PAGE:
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After being rip off from the book million little pieces, LOOKING FOR some good reading, Im gone to be laid up for awhile.
Fri, 2012-08-17 11:00
are you sure you don't want to read fifty shades of grey? i see plenty reading it. must be a literary masterpiece.
Fri, 2012-08-17 11:03
I thoroughly enjoyed Bill Bryson's "A Short History of Nearly Everything"
fun read for a history of science, really.
Empty factories to the east and all our waste
The shape of things that came shows on the broken workers face
Jon Krakauer - Under the Banner of Heaven, Into the Wild
Erik Larson - Devil in the White City
Fri, 2012-08-17 11:09
Devil in the White City is amazing. I also like just about anything by David McCollough - I've been slowly making my way through is book on the Brooklyn Bridge.
Fri, 2012-08-17 11:18
I also really enjoyed James A. Michener's books like "Chesapeake" and "Alaska" although they are historical fiction rather than non-fiction so I found they always felt sort of contrived when the storyline got to modern times.
Joseph Mitchell "Up In The Old Hotel" is another favorite. Collection of Short Stories written for the New Yorker mostly about the old Bowery underclass. Really interesting and because it's short stories something you can pick up and put down at will.
Fri, 2012-08-17 11:19
a thousand years of non-linear history - manuel de landa
I don’t have much sympathy for renters, for me, they are non citizens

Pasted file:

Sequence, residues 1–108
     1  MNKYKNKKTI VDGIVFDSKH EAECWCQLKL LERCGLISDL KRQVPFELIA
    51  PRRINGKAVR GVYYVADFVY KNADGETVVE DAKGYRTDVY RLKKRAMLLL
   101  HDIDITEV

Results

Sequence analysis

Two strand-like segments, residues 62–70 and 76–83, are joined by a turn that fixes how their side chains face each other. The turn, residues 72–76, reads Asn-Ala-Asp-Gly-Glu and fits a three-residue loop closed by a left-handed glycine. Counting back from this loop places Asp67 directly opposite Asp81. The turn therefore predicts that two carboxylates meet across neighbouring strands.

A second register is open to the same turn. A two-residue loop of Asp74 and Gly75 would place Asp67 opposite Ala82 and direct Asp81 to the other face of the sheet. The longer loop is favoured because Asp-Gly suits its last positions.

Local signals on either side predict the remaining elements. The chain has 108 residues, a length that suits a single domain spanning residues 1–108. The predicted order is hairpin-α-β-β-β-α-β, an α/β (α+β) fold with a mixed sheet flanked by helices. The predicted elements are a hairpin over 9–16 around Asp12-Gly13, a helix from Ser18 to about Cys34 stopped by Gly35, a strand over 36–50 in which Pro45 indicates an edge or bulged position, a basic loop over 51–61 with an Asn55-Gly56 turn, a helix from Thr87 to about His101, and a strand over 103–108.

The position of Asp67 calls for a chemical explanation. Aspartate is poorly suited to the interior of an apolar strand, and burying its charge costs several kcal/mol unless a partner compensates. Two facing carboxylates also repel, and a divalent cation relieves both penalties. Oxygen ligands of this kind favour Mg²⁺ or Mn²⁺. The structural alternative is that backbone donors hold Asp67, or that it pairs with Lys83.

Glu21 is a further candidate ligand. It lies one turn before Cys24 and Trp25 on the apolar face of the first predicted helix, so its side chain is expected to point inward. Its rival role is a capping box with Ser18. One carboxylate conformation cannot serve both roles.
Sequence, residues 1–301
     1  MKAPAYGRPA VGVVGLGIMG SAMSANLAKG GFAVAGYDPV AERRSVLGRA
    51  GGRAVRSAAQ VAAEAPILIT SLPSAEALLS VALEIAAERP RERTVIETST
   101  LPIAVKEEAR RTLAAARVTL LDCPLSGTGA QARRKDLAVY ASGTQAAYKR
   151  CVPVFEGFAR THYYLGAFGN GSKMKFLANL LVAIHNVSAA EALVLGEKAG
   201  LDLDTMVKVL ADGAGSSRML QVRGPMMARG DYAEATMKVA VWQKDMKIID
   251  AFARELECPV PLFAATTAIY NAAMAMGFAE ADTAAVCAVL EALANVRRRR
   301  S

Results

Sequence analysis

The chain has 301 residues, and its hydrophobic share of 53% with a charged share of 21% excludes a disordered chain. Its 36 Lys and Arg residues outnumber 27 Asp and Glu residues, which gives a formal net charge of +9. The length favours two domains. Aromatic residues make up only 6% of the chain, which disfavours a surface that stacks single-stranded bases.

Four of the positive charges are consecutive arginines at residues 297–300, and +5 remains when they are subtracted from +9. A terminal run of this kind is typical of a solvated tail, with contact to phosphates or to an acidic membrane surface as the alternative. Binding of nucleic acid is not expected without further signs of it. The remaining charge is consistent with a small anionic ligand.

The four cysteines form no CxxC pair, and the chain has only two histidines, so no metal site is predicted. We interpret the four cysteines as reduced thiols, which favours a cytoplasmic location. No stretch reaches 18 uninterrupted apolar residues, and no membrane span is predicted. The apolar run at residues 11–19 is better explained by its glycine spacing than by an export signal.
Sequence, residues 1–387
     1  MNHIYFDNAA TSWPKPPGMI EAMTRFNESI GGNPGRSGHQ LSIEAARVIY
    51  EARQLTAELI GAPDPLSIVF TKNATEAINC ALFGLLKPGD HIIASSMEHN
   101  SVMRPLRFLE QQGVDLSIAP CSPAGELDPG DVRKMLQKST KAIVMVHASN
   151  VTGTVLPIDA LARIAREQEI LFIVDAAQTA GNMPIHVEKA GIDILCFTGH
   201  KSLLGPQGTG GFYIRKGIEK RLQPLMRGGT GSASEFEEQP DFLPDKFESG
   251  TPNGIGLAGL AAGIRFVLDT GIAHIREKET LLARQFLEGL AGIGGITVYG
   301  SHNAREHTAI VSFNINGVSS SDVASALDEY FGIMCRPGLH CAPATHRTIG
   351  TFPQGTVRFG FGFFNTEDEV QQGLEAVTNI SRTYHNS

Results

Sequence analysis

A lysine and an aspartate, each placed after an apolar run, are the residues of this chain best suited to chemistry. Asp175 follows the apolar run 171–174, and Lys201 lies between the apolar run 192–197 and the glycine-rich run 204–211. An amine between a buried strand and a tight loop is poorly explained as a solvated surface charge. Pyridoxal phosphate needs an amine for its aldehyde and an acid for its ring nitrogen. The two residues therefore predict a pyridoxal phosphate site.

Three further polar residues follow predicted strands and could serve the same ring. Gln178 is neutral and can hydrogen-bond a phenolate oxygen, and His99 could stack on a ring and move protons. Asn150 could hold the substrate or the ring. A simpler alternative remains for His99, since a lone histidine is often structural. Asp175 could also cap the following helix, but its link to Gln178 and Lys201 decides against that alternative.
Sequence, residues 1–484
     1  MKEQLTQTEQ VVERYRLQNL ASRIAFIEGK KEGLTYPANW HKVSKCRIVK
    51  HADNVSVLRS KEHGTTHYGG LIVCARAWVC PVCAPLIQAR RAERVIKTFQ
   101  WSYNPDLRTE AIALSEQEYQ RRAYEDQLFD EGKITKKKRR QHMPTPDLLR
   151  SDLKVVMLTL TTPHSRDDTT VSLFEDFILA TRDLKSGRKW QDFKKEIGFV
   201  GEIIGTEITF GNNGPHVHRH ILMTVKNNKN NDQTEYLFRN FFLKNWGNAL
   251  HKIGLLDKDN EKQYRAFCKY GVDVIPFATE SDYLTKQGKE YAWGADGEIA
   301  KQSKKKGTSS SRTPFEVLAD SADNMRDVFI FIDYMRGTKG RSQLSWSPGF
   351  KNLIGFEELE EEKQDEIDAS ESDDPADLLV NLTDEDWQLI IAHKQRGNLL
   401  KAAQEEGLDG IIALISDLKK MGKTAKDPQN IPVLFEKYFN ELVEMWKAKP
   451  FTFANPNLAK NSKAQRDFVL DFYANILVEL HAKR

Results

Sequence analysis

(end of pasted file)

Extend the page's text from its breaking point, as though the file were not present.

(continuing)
Fri, 2012-08-17 11:50
LOVED Devil in the White City.
I just finished Me the People ... hysterical
In Stitches (memoir of a medical student) ... also hysterical
Fri, 2012-08-17 12:11
If you're into history at all the Robert Caro bios of Lyndon Johnson are a great, richly detailed read. Definitely not a quick read, though. Each in the series is roughly 800-900 pages.
Fri, 2012-08-17 12:36
John T. McIntyre's "The Ragged Edge" (1902) a great novel written by a fellow Kensingtonian. He grew up and was a member of St. Michael's Parish, born about 1870, died in around 1954. He wrote like a demon, sometimes successful, mostly not, wrote mystery, for the theater, novels, dime novels, etc. He did finally get a best seller around 1936, a book called "Steps Going Down," also a great read, with an opening scene of a priest coming to get the lead character in order to direct the priest to a red light house, where a woman wants last rites. This story also takes place in Philly, maybe down on the old Tenderloin district (Vine Street west of 8th).
The Ragged Edge is about Irish ward politics in Kensington (he doesn't call it Kensington, but references a lot of things that give it away, such as the riots, etc). Great dialogue, accents for the Jews and Irish, etc.
LIke I said, he wrote a ton, but four of his novels take place in Philly, the two above, plus "Slag" and a book called "Ferment." Read three, could never get a copy of Slag at a decent price.
I guess some might call McIntyre a 'noir' writer, sort of precursor to Goodis if you ever read him.
Fri, 2012-08-17 12:57
The Worst Hard Time: The Untold Story of Those Who Survived the Great American Dust Bowl by Timothy Egan is a fantastic book. Quick read and very gripping.
You wanna dance? LET'S DANCE!
Fri, 2012-08-17 14:16
Storm of War by Andrew Roberts
Fri, 2012-08-17 19:17
Anything by Bill Bryson. American Sphinx. Founding Brothers. The Undercover Economist. The God Particle by Leon Lederman.
And, of course, Penthouse Letters!
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Sat, 2012-08-18 12:13
Second the Robert Caro Years of LBJ bios mentioned by George above. That reminds me, I need to check out the newly-released fourth volume. I still have The Power Broker on my to-read pile right now. Really need to get to that one soon.
Sat, 2012-08-18 14:43
I am currently reading Thunderstruck also by Erik Larson who wrote Devil in the White City.
That was quite good as well.
Sun, 2012-08-19 08:24
Stared to read 50 shades of grey , thought it stunk
Sun, 2012-08-19 09:23
The Last Gangster by George Anastasia
Wherever you go, there you are